Oliver – Year 13 Student & Chief Editor, Humanities Journal
Editor’s note: This carefully researched and expertly written essay was originally planned for entry into the University of Sheffield History Essay Competition and later edited for publication in The GSAL Journal. Through detailed examination of the period, including skillful analysis and evaluation, Oliver seeks to answer the following questions: what did it mean to be ‘Roman’ and how ‘Roman’ was the Empire? CPD
‘The immeasurable majesty of the Roman peace’  dominated the classical world, and this essay will focus upon the epoch from 27BC (the year Octavian became ‘Augustus’) to 235AD (the beginning of the ‘imperial crisis’). My aim is to examine the nature of Roman imperial culture, exploring the various imperial provinces and the metropole itself, and will present a picture of a complex, heterogeneous and decentralised empire that is very different from many early histories that saw the empire as centralised and with an homogenous character emanating from a dominant Rome.
Let us first consider the different provinces. Clearly, one cannot consider every corner of the Empire in 1,500 words, so generalisations must be made. Perhaps the most Romanized section of the classical Empire was the West, consisting of Gaul, Celtiberia and Britannia. Here Latin was the Lingua Franca, and Roman customs were prevalent. Even before the conquest of Gaul, there is significant evidence of Roman exports to these regions, particularly that of wine, which rather took the Gallic dinner table by storm. Roman religion soon became standard from Cordoba to London; although local cults still existed, these were typically limited to the more rural elements of the provinces. Significant evidence of Roman architecture, and so presumably the cultural baggage associated with it, can be found across Western Europe today, whether that be the magnificent Pont Du Gard aqueduct, the baths at Bath or the arena at Chester. The picture being painted here is one of cultural penetration by Roman customs and goods, suggesting that this half of the Empire took on a relatively simple ‘Roman’ imprint. However, administrative records clearly indicate that local support depended on the gladius, with many legions stationed in Gaul (more specifically ‘Upper Germany’) and Britannia, and this suggests that the process of cultural assimilation may not have been as easy as has often been advocated historically. Frequent conflict erupted within the first century AD, presumably in defence of Celtic culture, whilst the hallmark of Roman control, the urban city, was typically born surrounding a legionary fortress: Chester, literally meaning fort, is the best example of this. Speaking of Celtic culture, we must recognise that it held significant sway over the lives of many, a truth encapsulated by the survival of Celtic dialect in Wales today. However, as we approach 235 AD, these provinces, save for Upper Germany (which faced the redoubtable Germanic tribes), became more settled, and more Roman. The peak of this process culminated in the Gallic chieftains entering the Romansenate. We should also realise that ethnic Roman colonies (typically small towns) sprang up across the Western world, particularly in Spain – more evidence of Romanization. Overall, how ‘Roman’ was the West? Even if such provinces had to be won and were initially dominated by a military presence, their later prosperity and stability, combined with the merging of the landed classes with their counterparts in Rome, suggests that later Western citizens considered themselves Roman first and foremost.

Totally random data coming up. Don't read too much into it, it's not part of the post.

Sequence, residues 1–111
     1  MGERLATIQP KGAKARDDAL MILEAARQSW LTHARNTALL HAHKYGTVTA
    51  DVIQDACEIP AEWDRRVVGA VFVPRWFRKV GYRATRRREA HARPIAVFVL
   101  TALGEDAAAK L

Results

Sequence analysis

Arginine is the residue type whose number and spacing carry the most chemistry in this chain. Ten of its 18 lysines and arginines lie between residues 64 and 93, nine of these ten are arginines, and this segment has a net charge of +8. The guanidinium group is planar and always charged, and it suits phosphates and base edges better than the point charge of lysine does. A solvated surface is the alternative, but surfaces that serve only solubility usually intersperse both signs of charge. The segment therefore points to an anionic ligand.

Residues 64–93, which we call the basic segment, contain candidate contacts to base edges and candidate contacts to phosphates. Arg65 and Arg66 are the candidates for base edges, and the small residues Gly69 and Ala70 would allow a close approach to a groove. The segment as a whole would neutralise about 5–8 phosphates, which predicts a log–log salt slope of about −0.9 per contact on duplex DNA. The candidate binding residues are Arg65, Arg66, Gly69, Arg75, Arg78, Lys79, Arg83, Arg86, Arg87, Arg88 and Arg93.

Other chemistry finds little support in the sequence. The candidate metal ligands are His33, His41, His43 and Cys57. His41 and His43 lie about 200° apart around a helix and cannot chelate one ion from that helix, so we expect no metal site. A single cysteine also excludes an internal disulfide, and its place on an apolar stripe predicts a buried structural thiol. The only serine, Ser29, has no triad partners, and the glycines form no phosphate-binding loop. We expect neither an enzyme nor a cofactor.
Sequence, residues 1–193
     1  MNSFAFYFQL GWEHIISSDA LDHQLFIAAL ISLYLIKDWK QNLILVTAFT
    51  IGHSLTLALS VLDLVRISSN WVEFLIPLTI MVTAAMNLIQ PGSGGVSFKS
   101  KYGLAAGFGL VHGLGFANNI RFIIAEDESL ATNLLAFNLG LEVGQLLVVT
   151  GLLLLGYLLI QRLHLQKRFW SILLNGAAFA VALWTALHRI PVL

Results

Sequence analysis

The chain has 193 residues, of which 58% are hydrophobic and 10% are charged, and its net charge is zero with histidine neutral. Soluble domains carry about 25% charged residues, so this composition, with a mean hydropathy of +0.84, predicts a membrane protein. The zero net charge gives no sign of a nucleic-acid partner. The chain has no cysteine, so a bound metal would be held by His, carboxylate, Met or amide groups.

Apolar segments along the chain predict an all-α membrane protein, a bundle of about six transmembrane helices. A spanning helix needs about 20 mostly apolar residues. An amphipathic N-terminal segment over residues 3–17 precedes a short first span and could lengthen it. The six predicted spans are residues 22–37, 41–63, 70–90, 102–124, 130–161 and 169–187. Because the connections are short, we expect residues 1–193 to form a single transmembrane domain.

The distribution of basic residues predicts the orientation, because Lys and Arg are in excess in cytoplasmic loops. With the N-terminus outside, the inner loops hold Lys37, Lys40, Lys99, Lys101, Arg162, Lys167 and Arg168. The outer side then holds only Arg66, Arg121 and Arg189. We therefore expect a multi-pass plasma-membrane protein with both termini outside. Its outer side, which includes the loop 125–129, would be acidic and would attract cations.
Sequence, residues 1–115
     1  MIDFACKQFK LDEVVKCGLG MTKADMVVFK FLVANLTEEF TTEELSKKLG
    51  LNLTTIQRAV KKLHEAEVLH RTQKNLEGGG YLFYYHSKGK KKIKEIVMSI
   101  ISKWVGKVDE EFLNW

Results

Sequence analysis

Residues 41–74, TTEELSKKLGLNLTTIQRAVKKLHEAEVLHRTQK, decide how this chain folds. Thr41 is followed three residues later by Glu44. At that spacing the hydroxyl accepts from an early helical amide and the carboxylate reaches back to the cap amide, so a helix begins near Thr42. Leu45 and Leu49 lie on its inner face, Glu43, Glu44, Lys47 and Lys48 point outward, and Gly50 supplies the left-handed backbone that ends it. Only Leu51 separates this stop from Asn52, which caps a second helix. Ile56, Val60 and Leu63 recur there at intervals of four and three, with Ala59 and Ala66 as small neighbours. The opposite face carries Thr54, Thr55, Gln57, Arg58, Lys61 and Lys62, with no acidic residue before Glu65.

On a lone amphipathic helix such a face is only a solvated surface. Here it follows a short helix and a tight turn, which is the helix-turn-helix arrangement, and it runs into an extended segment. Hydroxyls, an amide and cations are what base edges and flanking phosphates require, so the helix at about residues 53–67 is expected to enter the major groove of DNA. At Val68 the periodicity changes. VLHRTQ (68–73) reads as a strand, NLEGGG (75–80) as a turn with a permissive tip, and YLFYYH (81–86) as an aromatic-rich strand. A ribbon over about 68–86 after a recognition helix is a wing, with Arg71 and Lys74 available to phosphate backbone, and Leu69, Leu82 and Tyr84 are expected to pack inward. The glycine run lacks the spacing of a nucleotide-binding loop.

The collection of provinces that made up Roman Africa strengthen the idea that the Roman Empire was essentially the export of a quintessential Roman character. Again, Roman architecture abounds. One can find a forum, theatre or public bath in locations as diverse as Carthage and Lepcis Magna – unlike other provinces, signs of Roman culture were not limited to major urban areas. Evidence of Roman commercial goods can be found in the vast vineyards near Kasserine, and the landowners that ran them merged easily with Roman blue blood. Despite the widespread use of Punic as a second language, Berber culture Romanized painlessly, and careers as successful as Quintus Lollius Urbicus, a Berber landowner who ended up as governor in Britannia, weren’t atypical. In fact, in the form of Septimius Severus, the African provinces even produced an emperor. Perhaps the reason for this fluid process of assimilation is due to their existing links with Rome, with both commerce and conflict facilitating the spread of different cultures centuries before the assassination of Julius Caesar. Maybe, unlike their Celtic neighbours, the Berber culture prized stability over ‘liberty’, especially after the devastation of the Punic wars during the days of the Roman Republic. Whatever the causes, examination of Tunisia, Algeria and Libya suggests that this area of the Roman Empire felt very Roman indeed.